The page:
An assessment of fecal indicator bacteria-based water quality standards.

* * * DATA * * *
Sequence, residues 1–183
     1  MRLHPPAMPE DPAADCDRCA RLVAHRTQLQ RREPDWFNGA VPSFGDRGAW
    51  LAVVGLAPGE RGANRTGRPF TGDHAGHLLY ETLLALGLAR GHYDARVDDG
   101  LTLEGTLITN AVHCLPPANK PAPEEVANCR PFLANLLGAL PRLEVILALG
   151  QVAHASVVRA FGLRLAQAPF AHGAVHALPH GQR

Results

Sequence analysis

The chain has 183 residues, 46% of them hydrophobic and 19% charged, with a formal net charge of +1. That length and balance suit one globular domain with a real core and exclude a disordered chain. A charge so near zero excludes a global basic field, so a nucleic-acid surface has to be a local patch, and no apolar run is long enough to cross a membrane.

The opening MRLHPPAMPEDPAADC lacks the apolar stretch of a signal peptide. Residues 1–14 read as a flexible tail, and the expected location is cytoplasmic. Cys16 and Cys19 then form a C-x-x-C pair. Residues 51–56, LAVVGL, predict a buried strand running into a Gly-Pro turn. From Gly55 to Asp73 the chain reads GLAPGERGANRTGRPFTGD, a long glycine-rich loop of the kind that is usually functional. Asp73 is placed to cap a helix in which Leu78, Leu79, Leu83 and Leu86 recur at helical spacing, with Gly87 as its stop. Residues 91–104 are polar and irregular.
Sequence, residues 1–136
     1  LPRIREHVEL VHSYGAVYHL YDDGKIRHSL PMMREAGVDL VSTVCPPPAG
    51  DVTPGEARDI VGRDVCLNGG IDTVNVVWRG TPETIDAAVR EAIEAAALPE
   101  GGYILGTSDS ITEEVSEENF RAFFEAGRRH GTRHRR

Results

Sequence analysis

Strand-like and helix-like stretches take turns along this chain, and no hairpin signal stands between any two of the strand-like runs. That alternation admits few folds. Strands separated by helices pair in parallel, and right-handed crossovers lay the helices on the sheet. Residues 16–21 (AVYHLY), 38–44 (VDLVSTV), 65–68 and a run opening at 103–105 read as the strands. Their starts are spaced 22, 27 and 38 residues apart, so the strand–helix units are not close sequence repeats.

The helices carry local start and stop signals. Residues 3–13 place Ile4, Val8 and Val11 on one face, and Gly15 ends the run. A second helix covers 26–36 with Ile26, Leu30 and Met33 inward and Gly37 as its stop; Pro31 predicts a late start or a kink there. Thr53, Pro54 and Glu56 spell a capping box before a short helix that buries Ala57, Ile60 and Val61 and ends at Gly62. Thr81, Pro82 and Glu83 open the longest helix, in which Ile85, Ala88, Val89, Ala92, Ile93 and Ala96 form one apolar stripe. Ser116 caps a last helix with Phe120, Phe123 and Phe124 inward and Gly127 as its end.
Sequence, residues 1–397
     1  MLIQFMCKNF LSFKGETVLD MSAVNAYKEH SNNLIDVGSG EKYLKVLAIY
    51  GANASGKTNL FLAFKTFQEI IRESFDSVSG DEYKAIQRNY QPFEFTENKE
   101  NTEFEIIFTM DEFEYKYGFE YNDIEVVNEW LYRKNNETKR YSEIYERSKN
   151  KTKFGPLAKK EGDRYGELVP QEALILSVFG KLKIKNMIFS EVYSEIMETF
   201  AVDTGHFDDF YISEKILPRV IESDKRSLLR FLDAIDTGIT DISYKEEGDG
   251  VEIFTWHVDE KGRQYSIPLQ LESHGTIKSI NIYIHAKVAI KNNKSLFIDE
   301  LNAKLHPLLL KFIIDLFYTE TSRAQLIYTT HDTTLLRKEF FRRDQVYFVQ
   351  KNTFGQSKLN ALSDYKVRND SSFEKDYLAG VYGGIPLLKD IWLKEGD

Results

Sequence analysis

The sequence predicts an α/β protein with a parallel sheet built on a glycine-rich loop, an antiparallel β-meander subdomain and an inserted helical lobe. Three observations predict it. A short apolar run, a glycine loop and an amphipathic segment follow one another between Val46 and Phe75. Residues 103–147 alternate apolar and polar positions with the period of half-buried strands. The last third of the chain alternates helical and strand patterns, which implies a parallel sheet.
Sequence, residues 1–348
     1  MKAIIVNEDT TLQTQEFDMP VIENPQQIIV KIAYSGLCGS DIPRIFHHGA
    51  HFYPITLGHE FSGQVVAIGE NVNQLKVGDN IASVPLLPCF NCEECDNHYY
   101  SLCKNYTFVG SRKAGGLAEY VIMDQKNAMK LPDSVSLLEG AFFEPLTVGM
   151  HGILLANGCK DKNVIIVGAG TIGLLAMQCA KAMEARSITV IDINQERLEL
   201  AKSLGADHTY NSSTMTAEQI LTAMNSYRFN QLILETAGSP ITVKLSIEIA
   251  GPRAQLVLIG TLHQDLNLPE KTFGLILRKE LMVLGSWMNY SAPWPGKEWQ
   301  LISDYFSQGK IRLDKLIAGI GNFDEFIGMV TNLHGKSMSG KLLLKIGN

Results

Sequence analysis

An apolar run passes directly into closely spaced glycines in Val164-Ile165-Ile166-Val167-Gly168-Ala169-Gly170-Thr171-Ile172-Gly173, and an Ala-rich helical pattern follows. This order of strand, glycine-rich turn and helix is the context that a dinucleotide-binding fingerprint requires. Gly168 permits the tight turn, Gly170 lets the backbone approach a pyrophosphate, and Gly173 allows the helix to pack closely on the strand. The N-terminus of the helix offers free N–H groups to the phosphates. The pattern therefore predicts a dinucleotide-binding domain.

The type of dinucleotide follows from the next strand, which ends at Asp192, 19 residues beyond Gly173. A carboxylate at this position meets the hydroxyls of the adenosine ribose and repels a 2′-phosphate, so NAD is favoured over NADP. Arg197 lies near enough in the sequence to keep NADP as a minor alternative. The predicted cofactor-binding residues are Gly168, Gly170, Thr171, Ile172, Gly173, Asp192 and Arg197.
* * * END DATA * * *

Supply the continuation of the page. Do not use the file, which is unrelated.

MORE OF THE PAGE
Fecal indicator bacteria (FIB) are commonly used to assess the threat of pathogen contamination in coastal and inland waters. Unlike most measures of pollutant levels however, FIB concentration metrics, such as most probable number (MPN) and colony-forming units (CFU), are not direct measures of the true in situ concentration distribution. Therefore, there is the potential for inconsistencies among model and sample-based water quality assessments, such as those used in the Total Maximum Daily Load (TMDL) program. To address this problem, we present an innovative approach to assessing pathogen contamination based on water quality standards that impose limits on parameters of the actual underlying FIB concentration distribution, rather than on MPN or CFU values. Such concentration-based standards link more explicitly to human health considerations, are independent of the analytical procedures employed, and are consistent with the outcomes of most predictive water quality models. We demonstrate how compliance with concentration-based standards can be inferred from traditional MPN values using a Bayesian inference procedure. This methodology, applicable to a wide range of FIB-based water quality assessments, is illustrated here using fecal coliform data from shellfish harvesting waters in the Newport River Estuary, North Carolina. Results indicate that areas determined to be compliant according to the current methods-based standards may actually have an unacceptably high probability of being in violation of concentration-based standards.